Executive Intern Program Welcomes New Students
December 14, 2017
Last fall, President Gerard J. Rooney introduced the Executive Intern program for juniors and seniors who had an interest in higher education administration. Now in its second year, four new students—Anna Harmer ’18, Melissa Lennon ’18, James Nguyen ’19, and Stephanie Sortino ’18—were welcomed to the program and have one semester behind them.
During a visit to Elon University, Rooney learned about their program, and was intrigued by the initiative.
“I really liked the idea of providing opportunities for current students to work with senior leaders on the campus and learn about specific aspects of higher education work, which could ultimately lead to a career,” he explained.
At Fisher, interns hold positions with the Offices of the President, Marketing and Communications, Student Affairs, and Institutional Advancement, and after learning some insights in the program’s first year, an additional role of a program coordinator was added this fall.
“The first year we were together with the executive interns, we laid out a plan of work, but as the year progressed, we saw opportunities for ways that it could improve, or ways that their work might be more impactful,” said Rooney.
Kelsey Michener ’18, who served as the executive intern in the Office of the President as a junior, stayed on this year to serve as the program coordinator.
“This on-campus internship gives students the opportunity to explore careers in higher education. As an intern, you work on real projects – not just copying and filing. You have the opportunity to attend professional events where you can network,” said Michener, an accounting and business management dual major, who also serves as president of the Student Government Association.
For Nguyen, a current executive intern in the Office of the President and First Generation Scholar, this opportunity is his first internship experience and it’s one he’s found very valuable.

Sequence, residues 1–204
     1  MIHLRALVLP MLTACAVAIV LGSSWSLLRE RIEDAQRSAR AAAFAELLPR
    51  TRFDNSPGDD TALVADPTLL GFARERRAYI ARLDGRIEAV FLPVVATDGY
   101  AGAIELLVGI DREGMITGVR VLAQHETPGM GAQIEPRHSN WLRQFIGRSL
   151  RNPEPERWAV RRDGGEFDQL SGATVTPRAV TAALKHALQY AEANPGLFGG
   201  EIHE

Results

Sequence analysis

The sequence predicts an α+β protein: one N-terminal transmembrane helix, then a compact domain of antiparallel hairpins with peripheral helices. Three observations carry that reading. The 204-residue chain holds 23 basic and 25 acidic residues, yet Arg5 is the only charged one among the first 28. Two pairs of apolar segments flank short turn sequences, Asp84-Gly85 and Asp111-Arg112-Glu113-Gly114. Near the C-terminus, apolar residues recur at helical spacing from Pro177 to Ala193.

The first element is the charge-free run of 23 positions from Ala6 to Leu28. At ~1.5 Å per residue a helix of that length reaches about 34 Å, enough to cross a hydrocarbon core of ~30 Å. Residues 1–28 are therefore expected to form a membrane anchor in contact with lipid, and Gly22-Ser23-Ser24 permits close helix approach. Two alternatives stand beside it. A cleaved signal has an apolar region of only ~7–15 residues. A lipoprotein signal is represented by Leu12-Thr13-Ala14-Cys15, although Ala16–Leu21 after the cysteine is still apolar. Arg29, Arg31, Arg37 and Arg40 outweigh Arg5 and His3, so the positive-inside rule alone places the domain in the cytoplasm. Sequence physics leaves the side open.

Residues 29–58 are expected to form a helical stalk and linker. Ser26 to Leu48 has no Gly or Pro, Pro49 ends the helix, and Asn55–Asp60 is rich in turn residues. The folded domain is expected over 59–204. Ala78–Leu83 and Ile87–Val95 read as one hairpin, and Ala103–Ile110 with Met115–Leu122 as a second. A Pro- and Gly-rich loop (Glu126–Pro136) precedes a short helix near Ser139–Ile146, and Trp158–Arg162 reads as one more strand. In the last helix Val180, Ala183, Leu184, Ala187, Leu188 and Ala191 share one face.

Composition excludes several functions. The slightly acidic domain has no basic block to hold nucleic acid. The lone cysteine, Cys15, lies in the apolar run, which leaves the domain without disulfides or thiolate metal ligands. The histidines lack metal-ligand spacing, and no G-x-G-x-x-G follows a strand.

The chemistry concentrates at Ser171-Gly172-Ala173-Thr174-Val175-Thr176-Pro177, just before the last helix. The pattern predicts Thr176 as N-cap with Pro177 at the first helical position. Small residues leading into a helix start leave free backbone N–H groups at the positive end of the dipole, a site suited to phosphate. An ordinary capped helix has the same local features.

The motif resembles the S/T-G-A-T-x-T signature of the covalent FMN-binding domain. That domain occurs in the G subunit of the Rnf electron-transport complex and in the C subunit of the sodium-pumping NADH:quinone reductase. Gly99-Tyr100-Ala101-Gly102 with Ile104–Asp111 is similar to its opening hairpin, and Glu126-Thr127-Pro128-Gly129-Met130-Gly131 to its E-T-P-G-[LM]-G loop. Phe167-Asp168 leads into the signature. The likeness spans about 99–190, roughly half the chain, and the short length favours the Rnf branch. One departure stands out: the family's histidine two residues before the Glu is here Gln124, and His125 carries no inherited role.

“I think that this is a great opportunity. It has opened up a lot of doors and I get to meet people inside and outside of the College I don’t think I would have ever met if I were not part of this internship,” said Nguyen, who is a legal studies and political science major, and president of Students Who Advocate Volunteering.
Junior marketing major Harmer works closely with Kate Torok, director of marketing and communications. In addition to writing articles for the College, Harmer is currently spearheading the development and launch of the College’s presence on Snapchat. When she is not writing pieces for College News and Collegium, she works on brochure copy, develops videos, and attends meetings at Jay Advertising, the College’s agency of record, where she gets hands-on experience that complements what she learns in class.
“What I learn in class goes hand-in-hand with what they discuss at Jay Advertising,” she said. “I get to meet professionals and CEOs while building my skills in marketing.”
Harmer, who has had to learn how to manage time effectively, also served as a marketing intern at Rainbow Shores in Pulaski, New York, and she currently holds two work-study positions in the Processing Center and the Office of Campus Life.
Diane Tran ’17, an alumna of the Executive Intern program, worked closely with Phil Castleberry, vice president for institutional advancement, to learn about his role and develop projects in the Office of Institutional Advancement opened more doors than she originally thought. A business management major with a French minor, Tran graduated in spring 2017 and landed a job as an admissions counselor on campus shortly after Commencement.
She had already discovered a passion for working within higher education as a student ambassador, but being an executive intern opened her eyes to her passion for philanthropy.
“I was able to learn more about what role the advancement department plays at our institution. I also had a better understanding of what philanthropy meant,” she said. “Being able to be a part of Philanthropy Week made me realize how much I love the idea of giving back, which can be done is small and big ways. I now have a new found interest in philanthropy and I'm currently finding a way I can give back to the Rochester community.”
As the program gets more exposure, President Rooney hopes to steadily expand the number of interns and number of areas the interns can work. He hopes to provide opportunities that will ensure a meaningful experience for the students who choose to participate.
“First and foremost, I hope students who are interns come to a greater understanding of the areas in which they are working. I would hope, too, that they would find avenues for their thoughts and ideas to have impact on those areas,” he said. “ Collectively, I think the group of interns would—if not have a goal to work in higher education—have a better appreciation for the way higher education works, and to have that benefit them in their progression in their life after Fisher.”